Natal territory size, group size, and body mass affect lifetime fitness in the cooperatively breeding Florida Scrub-Jay
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Mumme 2015 Auk.pdf
Mumme, Ronald L.
Pruett, M. Shane
Fitzpatrick, John W.
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Subjectage at fledging; brood size; group size; territory size; helpers; nestling body condition; postfledging survival; silver spoon effects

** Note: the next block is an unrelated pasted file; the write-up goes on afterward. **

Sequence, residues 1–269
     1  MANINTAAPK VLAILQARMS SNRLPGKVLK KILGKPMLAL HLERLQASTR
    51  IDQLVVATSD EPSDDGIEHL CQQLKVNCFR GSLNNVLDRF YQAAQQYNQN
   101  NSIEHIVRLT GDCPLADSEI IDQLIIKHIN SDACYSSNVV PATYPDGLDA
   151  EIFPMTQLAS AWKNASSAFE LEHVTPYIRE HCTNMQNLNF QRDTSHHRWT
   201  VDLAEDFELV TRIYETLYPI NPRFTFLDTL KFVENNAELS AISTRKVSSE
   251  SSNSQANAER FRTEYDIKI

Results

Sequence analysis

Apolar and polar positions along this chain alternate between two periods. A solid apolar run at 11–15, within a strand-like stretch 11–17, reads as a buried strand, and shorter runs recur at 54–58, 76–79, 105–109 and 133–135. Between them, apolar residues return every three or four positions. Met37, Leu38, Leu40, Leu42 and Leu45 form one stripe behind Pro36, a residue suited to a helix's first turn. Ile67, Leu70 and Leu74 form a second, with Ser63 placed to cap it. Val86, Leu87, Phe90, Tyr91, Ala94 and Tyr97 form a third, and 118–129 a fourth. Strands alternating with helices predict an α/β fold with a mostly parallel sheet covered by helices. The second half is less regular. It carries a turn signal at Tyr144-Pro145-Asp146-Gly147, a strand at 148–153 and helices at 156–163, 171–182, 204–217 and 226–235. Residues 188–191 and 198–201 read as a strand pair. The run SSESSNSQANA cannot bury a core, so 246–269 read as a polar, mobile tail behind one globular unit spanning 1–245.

Early rearing conditions can have profound short- and long-term effects on survival and reproduction of vertebrates. In cooperatively breeding birds, where variable social conditions interact with other sources of environmental variation, fitness consequences of the natal environment are of particular interest. We used data from a long-term study of the Florida Scrub-Jay (Aphelocoma coerulescens) to examine how characteristics of the natal brood, territory, and social group interacted to influence future survival and reproduction. Nestling and juvenile body mass were significant positive predictors of survival from fledging through the first year of life. The area of oak scrub in the natal territory correlated positively with nestling and juvenile body mass and had two long-term consequences: it was positively related to the probability of becoming a breeder and negatively related to age at first breeding, particularly for males. Effects of natal group size were complex and partially dependent on territory size. Although positively associated with nestling mass and postfledging survival, the presence of helpers was negatively related to juvenile body mass, but only in territories with,8 ha of oak scrub, suggesting that helpers become competitors for food as juveniles in small territories reach independence. Although early-life environmental conditions had strong effects on nestling and juvenile body mass, survival to yearling stage, and acquisition of a breeding territory, early conditions were not significant predictors of survival or reproduction once breeding status was obtained. This result suggests that low-quality jays from poor natal environments are winnowed out of the pool of potential breeders by intense intraspecific competition, ultimately leading to low heterogeneity in breeder quality. Our findings help to resolve the long-standing question of why Florida Scrub-Jays defend such unusually large territories for their body size, revealing a key selective advantage for cooperative territorial defense in the evolution of cooperative breeding.